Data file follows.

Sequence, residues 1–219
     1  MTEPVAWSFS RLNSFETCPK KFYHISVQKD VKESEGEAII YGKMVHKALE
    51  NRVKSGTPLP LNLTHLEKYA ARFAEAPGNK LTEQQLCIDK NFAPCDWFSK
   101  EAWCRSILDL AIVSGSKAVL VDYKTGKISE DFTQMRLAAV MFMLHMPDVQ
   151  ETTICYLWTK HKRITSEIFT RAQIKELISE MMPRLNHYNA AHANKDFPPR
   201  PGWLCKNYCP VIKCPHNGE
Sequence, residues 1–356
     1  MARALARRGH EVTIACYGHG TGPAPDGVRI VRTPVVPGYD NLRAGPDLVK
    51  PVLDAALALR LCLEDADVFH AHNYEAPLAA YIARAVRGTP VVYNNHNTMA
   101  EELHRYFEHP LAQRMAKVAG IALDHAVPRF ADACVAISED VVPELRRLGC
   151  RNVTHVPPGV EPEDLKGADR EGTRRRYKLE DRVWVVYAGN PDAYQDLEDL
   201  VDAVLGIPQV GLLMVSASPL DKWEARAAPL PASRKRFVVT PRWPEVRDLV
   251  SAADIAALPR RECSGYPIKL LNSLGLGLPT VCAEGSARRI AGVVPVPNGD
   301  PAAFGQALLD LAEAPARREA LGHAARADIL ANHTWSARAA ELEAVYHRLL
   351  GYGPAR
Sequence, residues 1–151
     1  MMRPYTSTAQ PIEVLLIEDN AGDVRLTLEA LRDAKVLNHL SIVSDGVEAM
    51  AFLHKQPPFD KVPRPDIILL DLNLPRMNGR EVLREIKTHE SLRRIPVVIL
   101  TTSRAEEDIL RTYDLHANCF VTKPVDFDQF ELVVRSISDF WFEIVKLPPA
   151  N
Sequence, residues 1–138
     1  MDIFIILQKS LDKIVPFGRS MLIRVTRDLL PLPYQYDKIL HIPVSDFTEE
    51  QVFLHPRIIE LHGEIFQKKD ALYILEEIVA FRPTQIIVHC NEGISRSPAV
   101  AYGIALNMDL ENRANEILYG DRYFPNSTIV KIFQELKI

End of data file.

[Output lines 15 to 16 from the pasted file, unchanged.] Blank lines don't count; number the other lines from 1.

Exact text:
   351  GYGPAR
Sequence, residues 1–151